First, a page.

Partners might listen to both of these titles and pay close attention to the melody as the lyrics are sung. Is it merely a coincidence? Or did R. Soeharjo directly copy the French song created by Claude Joseph Rouget de Lisle two centuries prior?
This is perhaps the most egregious example of this list. “Ibu Pertiwi” is often credited to Ismail Marzuki, with alternative opinions suggesting that Solo based composer Kamsidi Samsuddin was the song’s true composer. Regardless of these two claims, it’s difficult to deny that Ibu Pertiwi sounds strikingly like the 19th-century Catholic hymn, “What a Friend We Have in Jesus”, composed by Charles C. Converse. It is perhaps not harsh to say these two songs are the same in structure and melody, albeit with different lyrics.
Thus, were these national songs products of plagiarism? Did R. Soeharjo or Ismail Marzuki commit copyright infringement?
Plagiarism can be defined as the act of taking parts or whole of work while crediting it as one’s own. In regards to Indonesian Law no. 28 of 2014 concerning Copyright, the concept of plagiarism can be interpreted as a violation of the moral rights inherent in the creator as stipulated in Article 5 paragraph (1). Furthermore, Article 9 prohibits other parties from using these moral rights without the permission of the creator or copyright holder.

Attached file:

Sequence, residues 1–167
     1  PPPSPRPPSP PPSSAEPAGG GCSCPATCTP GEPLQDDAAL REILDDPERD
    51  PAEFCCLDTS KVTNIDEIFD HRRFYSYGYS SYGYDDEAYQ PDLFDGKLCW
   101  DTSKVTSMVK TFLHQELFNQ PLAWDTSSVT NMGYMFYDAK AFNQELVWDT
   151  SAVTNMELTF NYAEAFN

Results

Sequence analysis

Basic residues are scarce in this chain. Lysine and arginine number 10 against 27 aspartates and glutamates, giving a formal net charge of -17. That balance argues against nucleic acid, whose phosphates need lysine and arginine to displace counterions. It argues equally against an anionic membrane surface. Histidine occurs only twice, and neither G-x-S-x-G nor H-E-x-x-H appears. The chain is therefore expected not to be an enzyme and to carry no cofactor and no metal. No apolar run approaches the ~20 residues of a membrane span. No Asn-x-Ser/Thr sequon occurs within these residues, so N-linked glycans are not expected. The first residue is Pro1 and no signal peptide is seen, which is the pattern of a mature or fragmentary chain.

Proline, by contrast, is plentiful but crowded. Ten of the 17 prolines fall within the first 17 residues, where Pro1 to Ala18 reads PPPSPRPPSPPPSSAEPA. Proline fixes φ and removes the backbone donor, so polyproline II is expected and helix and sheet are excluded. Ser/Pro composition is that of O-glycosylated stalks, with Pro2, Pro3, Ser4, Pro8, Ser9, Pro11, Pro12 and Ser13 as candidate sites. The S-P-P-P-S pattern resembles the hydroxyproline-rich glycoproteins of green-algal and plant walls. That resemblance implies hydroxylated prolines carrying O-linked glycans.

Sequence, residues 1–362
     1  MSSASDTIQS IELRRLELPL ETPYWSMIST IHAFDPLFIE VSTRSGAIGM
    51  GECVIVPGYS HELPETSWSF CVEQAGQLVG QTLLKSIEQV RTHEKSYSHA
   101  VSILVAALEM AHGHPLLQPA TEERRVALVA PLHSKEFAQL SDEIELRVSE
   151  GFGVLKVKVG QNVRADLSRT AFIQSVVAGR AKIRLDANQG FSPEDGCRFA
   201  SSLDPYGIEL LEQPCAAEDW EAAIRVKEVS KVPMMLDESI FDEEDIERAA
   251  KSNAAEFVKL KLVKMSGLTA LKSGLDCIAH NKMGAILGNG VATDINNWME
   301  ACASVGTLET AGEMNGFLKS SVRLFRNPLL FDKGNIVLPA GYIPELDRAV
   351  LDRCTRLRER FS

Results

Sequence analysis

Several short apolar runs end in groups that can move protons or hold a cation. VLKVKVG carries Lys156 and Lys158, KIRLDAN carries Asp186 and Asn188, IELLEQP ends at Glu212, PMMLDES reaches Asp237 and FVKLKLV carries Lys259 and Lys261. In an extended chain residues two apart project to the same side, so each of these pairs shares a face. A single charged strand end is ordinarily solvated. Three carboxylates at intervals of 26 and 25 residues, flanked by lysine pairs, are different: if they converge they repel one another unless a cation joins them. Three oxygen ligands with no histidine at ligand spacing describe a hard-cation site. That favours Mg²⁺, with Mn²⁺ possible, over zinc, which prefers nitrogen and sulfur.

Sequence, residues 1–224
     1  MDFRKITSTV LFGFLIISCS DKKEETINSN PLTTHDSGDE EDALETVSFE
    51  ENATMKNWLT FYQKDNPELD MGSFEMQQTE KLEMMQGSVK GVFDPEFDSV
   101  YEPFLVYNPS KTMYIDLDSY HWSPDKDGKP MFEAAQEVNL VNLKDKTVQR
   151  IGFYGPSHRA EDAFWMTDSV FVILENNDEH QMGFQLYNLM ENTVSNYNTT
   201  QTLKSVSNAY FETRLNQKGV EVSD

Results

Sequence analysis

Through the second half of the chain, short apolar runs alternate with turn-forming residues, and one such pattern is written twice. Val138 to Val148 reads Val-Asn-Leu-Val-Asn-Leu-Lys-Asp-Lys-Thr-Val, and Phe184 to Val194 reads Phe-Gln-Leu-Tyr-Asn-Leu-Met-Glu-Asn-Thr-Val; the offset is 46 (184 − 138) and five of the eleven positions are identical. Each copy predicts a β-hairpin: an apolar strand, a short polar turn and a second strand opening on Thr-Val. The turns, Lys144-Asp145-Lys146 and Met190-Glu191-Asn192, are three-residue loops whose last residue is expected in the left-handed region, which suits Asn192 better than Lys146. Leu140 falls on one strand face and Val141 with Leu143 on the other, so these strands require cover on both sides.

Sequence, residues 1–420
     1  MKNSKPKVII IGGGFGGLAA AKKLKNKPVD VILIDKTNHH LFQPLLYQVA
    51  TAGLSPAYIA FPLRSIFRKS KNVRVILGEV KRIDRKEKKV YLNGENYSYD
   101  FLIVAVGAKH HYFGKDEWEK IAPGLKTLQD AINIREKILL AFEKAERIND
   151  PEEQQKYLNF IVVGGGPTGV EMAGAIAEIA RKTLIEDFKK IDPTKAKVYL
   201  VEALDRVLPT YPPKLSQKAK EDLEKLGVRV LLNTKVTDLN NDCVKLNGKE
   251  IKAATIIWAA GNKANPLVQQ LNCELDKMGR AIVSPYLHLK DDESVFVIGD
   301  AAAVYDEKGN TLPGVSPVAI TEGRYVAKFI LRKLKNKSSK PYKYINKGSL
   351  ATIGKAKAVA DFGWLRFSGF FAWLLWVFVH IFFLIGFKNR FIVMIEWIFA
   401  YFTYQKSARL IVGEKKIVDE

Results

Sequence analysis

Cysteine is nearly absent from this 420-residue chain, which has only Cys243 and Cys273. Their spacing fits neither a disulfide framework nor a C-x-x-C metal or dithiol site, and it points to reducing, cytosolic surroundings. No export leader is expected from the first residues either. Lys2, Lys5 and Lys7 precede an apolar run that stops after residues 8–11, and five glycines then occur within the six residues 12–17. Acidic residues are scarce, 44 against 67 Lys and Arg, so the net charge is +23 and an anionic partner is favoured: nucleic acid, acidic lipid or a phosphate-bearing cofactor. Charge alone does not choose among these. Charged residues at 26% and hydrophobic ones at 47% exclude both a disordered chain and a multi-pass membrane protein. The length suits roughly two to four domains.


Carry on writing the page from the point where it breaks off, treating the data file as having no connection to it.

However, it’s important to note the difficulty in proving plagiarism in music. There needs to be evidence by the creator or owner of a copyright that supports their claims of originality concerning the relevant work. Also, it must be proven that the alleged infringer has heard the relevant song and intentionally copied it. Moreover, the difference between plagiarism and mere inspiration could also be vague and depend entirely on subjective interpretation.
Some musicians have normalized copying each other’s work to a certain extent. For example, among blues musicians, songs tend to have minimal variations in chord progressions and beat, resulting in many similar songs which has been regarded as common practice.
Regarding this, when music critic Billy Edwards accused the song “Brutal” by Olivia Rodrigo of plagiarizing its riff from the song “Pump It Up” by Elvis Costello, Costello himself gave a response stating that he did not mind at all. “You take the broken pieces of another thrill and make a brand new toy,” said Costello via his Twitter account. He added: “That’s what I did.”
Lastly, to determine whether the national composers had committed copyright infringement, we need to investigate whether there is any applicable copyright regarding the alleged plagiarized works. The three songs exemplified above, namely La Marseillaise, What a Friend We Have In Jesus, and Pinda-Pinda Lekka-Lekka, have existed far longer than common protection period for copyrights. Some have even preceded the concept of copyright law, thus they are part of the public domain, which are free to use by anyone.
To summarize, we cannot determine for sure if our national composer did commit plagiarism in writing these monumental songs, however, they certainly didn’t commit copyright infringement.